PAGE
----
With American Rescue Plan Heading Toward Final Passage, New Small Business Survey Shows Healthcare Costs are the Next Big Challenge Needing Solutions


Conan Knoll
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National survey of more than 800 small business owners finds 55% of small business owners say the cost of providing health insurance to their employees is the biggest challenge they face, ahead of taxes, competition from large corporations, and even Covid-19 and support a broad set of policy solutions to bring down costs 

Washington, D.C., March 9, 2021—Small Business for America’s Future today released a national survey of small business owners that found the cost of providing health insurance to their employees is the biggest challenge they face—even ahead of the challenges associated with Covid-19—and that small business ownersoverwhelmingly want government action to relieve the burden and strongly support a broad array of policy solutions to help rein in the costs.

With reason to hope the end of the pandemic is coming and the American Rescue Plan is in place, its time lawmakers begin working on other pressing issues to help small businesses recover, rebuild and thrive. Chief among those is the cost of healthcare.

This survey shows small businesses believe there is an urgent need for reform. A whopping 92% of the 827 small business owners surveyed said its important that the Biden-Harris Administration and Congress take action to bring down healthcare costs and support a range of solutions, from capping out of pocket patient expenses (87% support), requiring hospitals and physicians to publicly disclose their negotiated payment rates (86% support), and adopting policies that eliminate anti-competitive behaviors that extend brand drug monopolies (88% support), and giving everyone the option to purchase a government-sponsored health plan like Medicare (69%).

“Healthcare costs have been a problem for small businesses for years, but given the strain from the pandemic they’re now at a breaking point when it comes to healthcare. The challenges of healthcare costs and the pandemic are likely linked, with Covid shining a light on the flaws in the healthcare system while eating into companies’ revenues and therefore their ability to offer their employees health insurance,” said Frank Knapp, Jr. Co-chair of Small Business for America’s Future and President and CEO of the South Carolina Small Business Chamber of Commerce. “They are absolutely desperate for solutions, and in fact, respondents were more concerned that lawmakers wouldn’t go far enough in acting to bring down health care costs than those who were concerned they would go too far.”

Half of small business owners reported providing health insurance as a benefit, but an overwhelming 76% of the small business respondents that do not provide coverage say it’s because the cost of doing so is too high. In addition, 53% of small business owners who do offer insurance said they have considered dropping it because of rising costs.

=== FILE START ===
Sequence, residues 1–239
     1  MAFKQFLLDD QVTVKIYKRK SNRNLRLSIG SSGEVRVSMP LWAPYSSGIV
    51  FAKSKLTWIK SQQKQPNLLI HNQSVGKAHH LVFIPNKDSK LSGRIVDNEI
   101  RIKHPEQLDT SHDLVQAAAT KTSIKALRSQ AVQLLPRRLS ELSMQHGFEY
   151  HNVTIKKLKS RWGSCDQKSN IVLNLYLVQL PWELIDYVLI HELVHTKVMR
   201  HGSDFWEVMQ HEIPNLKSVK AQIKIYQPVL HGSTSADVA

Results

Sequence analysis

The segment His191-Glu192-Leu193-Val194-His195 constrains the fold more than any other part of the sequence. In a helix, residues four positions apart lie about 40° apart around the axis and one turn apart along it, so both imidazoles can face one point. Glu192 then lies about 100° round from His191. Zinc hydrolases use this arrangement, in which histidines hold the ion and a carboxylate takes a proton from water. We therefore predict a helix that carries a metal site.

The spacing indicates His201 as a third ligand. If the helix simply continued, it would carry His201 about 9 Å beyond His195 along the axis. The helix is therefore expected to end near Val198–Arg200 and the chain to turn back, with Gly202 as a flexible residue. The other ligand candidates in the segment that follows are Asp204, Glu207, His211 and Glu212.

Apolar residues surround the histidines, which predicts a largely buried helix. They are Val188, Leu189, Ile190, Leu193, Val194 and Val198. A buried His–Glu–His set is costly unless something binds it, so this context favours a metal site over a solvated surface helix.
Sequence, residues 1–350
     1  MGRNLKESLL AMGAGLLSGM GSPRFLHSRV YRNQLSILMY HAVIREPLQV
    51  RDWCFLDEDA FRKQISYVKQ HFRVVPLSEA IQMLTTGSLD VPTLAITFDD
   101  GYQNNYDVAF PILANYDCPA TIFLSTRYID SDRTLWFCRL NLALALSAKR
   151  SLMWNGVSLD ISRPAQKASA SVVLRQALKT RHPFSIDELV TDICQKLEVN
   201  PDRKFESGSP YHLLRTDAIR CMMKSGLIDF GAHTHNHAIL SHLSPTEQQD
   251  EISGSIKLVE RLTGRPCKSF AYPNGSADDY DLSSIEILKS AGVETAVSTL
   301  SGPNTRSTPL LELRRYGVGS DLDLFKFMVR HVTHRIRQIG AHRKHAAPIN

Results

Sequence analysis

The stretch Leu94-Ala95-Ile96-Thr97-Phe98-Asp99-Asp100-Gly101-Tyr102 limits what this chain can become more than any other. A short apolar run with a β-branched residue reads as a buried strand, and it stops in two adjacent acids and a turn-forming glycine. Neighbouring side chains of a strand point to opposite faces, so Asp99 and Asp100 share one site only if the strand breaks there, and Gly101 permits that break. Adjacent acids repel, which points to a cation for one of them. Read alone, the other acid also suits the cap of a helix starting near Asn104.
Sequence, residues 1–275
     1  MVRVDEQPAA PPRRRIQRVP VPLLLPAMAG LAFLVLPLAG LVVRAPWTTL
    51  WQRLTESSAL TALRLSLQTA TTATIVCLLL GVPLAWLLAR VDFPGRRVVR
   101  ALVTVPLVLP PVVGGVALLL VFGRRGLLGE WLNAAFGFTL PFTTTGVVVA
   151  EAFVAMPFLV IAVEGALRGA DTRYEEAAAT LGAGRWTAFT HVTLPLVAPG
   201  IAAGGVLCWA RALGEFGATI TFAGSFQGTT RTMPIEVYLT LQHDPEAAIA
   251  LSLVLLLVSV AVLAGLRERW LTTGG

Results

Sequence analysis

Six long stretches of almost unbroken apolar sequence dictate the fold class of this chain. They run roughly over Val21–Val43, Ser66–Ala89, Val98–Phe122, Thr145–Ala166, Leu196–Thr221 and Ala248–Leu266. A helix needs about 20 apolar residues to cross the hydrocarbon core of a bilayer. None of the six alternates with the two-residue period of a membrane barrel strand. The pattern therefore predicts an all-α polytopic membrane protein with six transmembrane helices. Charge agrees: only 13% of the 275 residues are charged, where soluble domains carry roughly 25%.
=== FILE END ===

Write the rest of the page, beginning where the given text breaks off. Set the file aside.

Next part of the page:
This is not surprising when you consider nine in 10 survey respondents said their health insurance costs have increased over the past four years with 40% saying that costs have risen by 10% or more a year.

“Health insurance is an expense you can’t do anything about. The pandemic hammered demand and our revenues are down 60% but health coverage costs are the same,” said Mike Roach, who owns Paloma Clothing in Portland, Ore. “A lot of landlords have been willing to be flexible and help small business owners during hard times, but the insurance companies aren’t giving any breaks on health insurance premiums.”

When asked about where the responsibility for high insurance costs lies, small business owners were unsparing—none of the groups tested were found blameless. Small business owners said pharmaceutical companies (93% of small businesses held responsible), health insurance carriers (92%) and hospitals (91%) topped the list of groups responsible for high costs.

Health expenditures reached $3.8 trillion in 2019 and are expected to rise to $6.2 trillion in seven years. Those rising costs are a serious threat to Main Street small businesses and therefore our economy and society.

“How much more could small businesses do if freed from the crippling costs of healthcare in a market skewed against them?” said Knapp. “It’s time policymakers take decisive action to help our Main Street entrepreneurs and consider all options to bring down costs.”

View the full survey report here.


About Small Business for America’s Future
Small Business for America’s Future is a national coalition of small business owners and leaders working to provide small businesses a voice at every level of government. We’re committed to ensuring policymakers prioritize the nation’s 30 million small businesses to create an economy that works for them, their workers and their communities. Visit www.smallbusinessforamericasfuture.org. Follow us on Twitter and Facebook. #SmallBizAF.

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